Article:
All About Jazz

Home » Articles » CD/LP/Track Review

Dear All About Jazz Readers,

If you're familiar with All About Jazz, you know that we've dedicated over two decades to supporting jazz as an art form, and more importantly, the creative musicians who make it. Our enduring commitment has made All About Jazz one of the most culturally important websites of its kind in the world reaching hundreds of thousands of readers every month. However, to expand our offerings and develop new means to foster jazz discovery we need your help.

You can become a sustaining member for a modest $20 and in return, we'll immediately hide those pesky Google ads PLUS deliver exclusive content and provide access to future articles for a full year! This combination will not only improve your AAJ experience, it will allow us to continue to rigorously build on the great work we first started in 1995. Read on to view our project ideas...

5

Miles Davis: Milestones

C. Michael Bailey By

Sign in to view read count
Milestones was Miles Davis' third Columbia release after 'Round About Midnight (1957) and Miles Ahead (1957). The recording was made during one of Davis' most creatively intense periods, preceding his recording of the soundtrack for Ascenseur Pour L'echafaud (Fontana, 1958) in late 1957 and the subsequent recordings of Cannonball Adderley's Somethin' Else (Blue Note, 1958) and the repertoire that would become Kind of Blue (Columbia, 1959).

Milestones is significant as a creative hinge period between Davis' bebop/hard bop period and his future modal period. The recording represented the formal expansion of his famous first quintet into a sextet with the addition of Julian "Cannonball" Adderley, a band considered by many to be the finest small jazz ensemble in history. Milestones was to be the only studio recording made by this sextet, as the lineup changed considerable over the next months approaching the Kind of Blue sessions. Davis' famous innovative restlessness had not yet reached the fever pitch it would during the second great quintet, but it was beginning to properly manifest. It seemed as if Davis was doubling down on his contributions to bebop ("Dr. Jackle" and "Two Bass Hit") and hard bop ("Sid's Ahead" and "Straight, No Chaser").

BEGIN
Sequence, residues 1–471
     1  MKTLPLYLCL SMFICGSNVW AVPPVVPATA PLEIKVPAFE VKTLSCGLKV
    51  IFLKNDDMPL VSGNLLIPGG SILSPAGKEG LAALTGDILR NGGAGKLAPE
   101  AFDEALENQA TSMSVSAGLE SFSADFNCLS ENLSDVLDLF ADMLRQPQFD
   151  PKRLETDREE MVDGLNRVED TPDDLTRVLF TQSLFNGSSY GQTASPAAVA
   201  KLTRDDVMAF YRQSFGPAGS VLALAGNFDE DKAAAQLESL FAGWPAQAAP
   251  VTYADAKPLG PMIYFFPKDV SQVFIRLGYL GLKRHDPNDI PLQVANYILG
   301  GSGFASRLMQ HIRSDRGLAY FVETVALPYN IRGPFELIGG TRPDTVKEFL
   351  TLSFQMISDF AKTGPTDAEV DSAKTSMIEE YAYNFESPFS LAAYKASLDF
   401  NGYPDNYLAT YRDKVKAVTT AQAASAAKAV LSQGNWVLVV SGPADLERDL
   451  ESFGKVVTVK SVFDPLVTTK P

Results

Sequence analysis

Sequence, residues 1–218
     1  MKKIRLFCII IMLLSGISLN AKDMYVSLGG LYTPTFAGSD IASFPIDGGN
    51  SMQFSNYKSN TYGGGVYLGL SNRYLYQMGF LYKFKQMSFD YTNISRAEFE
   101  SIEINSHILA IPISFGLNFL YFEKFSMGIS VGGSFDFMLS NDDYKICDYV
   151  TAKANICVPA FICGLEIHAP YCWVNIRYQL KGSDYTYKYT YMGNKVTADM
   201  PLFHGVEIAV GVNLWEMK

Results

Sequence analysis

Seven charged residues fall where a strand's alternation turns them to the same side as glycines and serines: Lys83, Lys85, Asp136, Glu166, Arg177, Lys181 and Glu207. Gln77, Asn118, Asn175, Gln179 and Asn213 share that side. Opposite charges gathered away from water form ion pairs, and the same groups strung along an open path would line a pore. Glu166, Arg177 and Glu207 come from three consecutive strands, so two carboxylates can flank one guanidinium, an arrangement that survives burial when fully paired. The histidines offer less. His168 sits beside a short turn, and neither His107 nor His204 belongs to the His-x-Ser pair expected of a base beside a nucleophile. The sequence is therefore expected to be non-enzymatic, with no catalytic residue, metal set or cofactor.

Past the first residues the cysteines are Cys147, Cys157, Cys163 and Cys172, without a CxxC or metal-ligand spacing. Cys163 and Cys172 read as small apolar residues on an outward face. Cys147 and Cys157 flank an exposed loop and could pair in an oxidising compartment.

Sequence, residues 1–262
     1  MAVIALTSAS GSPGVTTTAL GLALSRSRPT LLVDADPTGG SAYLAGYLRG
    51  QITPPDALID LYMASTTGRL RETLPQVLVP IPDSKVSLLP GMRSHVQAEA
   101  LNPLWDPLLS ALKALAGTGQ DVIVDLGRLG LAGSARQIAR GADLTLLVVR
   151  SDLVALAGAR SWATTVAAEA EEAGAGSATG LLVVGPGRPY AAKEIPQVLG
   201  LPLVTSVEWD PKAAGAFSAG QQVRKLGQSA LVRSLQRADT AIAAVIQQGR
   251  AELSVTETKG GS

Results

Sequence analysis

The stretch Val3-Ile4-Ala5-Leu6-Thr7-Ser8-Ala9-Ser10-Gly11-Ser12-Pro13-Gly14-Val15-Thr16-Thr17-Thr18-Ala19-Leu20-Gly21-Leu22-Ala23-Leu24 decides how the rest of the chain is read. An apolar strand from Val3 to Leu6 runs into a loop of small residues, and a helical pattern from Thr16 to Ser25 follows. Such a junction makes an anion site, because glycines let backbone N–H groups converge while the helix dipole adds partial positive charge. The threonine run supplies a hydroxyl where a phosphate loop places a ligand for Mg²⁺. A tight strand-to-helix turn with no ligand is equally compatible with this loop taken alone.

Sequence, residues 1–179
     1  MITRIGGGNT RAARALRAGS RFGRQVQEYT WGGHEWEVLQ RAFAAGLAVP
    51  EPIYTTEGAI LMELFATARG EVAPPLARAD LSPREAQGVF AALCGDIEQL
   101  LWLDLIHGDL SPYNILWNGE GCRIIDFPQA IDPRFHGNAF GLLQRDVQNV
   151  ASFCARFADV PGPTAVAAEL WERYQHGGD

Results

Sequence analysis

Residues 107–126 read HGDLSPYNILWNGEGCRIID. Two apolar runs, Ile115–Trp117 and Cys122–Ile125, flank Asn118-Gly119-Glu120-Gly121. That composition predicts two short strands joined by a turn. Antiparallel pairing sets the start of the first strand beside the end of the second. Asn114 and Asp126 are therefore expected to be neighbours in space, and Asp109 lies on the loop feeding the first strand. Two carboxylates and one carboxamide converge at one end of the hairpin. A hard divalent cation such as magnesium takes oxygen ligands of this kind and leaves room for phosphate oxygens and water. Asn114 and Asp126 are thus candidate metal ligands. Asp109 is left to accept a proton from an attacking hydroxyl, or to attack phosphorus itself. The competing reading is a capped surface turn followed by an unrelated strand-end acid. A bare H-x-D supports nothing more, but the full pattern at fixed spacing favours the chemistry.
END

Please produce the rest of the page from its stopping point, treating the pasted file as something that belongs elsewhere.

At this same time, Davis slides "Milestones" under the door, his first extension into modal composition, a method he would improve upon on Kind of Blue and perfect in the recordings of his second great quintet. The juxtaposition of, say, this superbly hard bop-rendered recording of Monk's "Straight, No Chaser" with the sleek and modern refined "Milestones" is acute. It is the past and the future, side-by-side. "Milestones" is based on 16 bars of G Dorian mode, followed by 16 bars in A Aeolian, and then back to a final eight bars in G Dorian which is then repeated as a standard jazz chorus. Only the horns solo on the recording, a blues-infused Adderley, an angular and evasive Davis, and finally a probing Coltrane. The song is sharply composed and performed, a definite evolution in Davis' music sounding only one or two steps ahead, but ahead nevertheless. A harbinger of what is to come Milestones remains that elusive and enigmatic masterpiece.

Critic's Note: Anno Domini 2017, marks the 100th Anniversary of recorded jazz, deftly noted by the release of the Original Dixieland Jazz Band's shellac "Dixieland Jass Band One-Step (A)/Livery Stable Blues (B)," Victor 18255, recorded February 26, 1917 and released March 7, 1917. Just for perspective, in 1917, my father was 18 months old and my mother was yet to be born for two years. It is also the twentieth anniversary of me writing for All About Jazz. The first recording I reviewed for the magazine was Art Pepper's San Francisco Samba (Contemporary, 1997), published December 1, 1997. I am using this present review as part of a series noting my twentieth anniversary with the magazine and paying special tribute to my fellow writers at All About Jazz and Publisher Michael Ricci.

Track Listing: Dr. Jackle; Sid’s Ahead; Two Bass Hit; Milestones; Billy Boy; Straight, No Chaser; Two Bass Hit (alternate take); Milestones (alternate take); Straight, No Chaser (alternated take).

Personnel: Miles Davis: trumpet, piano; John Coltrane: tenor saxophone; Cannonball Adderley: alto saxophone; Red Garland: piano; Paul Chambers: bass; Philly Joe Jones: drums.

Title: Milestones | Year Released: 1958 | Record Label: Columbia Records

Tags

Related Video

comments powered by Disqus

Related Articles

Read New Hope CD/LP/Track Review
New Hope
by Jack Bowers
Published: September 23, 2018
Read The Nobuki Takamen Trio CD/LP/Track Review
The Nobuki Takamen Trio
by Mark Sullivan
Published: September 23, 2018
Read Light Of Love CD/LP/Track Review
Light Of Love
by Dan Bilawsky
Published: September 23, 2018
Read Heaven Steps To Seven CD/LP/Track Review
Heaven Steps To Seven
by Roger Farbey
Published: September 23, 2018
Read In The Blue Light CD/LP/Track Review
In The Blue Light
by Mike Jurkovic
Published: September 23, 2018
Read Dreams And Other Stories CD/LP/Track Review
Dreams And Other Stories
by Dan McClenaghan
Published: September 22, 2018
Read "Up All Night" CD/LP/Track Review Up All Night
by Doug Collette
Published: January 1, 2018
Read "Pelagos" CD/LP/Track Review Pelagos
by Dan McClenaghan
Published: October 14, 2017
Read "Poetry in Motion" CD/LP/Track Review Poetry in Motion
by Liz Goodwin
Published: May 21, 2018
Read "Theirs" CD/LP/Track Review Theirs
by Mark Corroto
Published: June 27, 2018
Read "Dodecahedron" CD/LP/Track Review Dodecahedron
by Mark Corroto
Published: June 21, 2018
Read "Life at Nectar's" CD/LP/Track Review Life at Nectar's
by Doug Collette
Published: February 10, 2018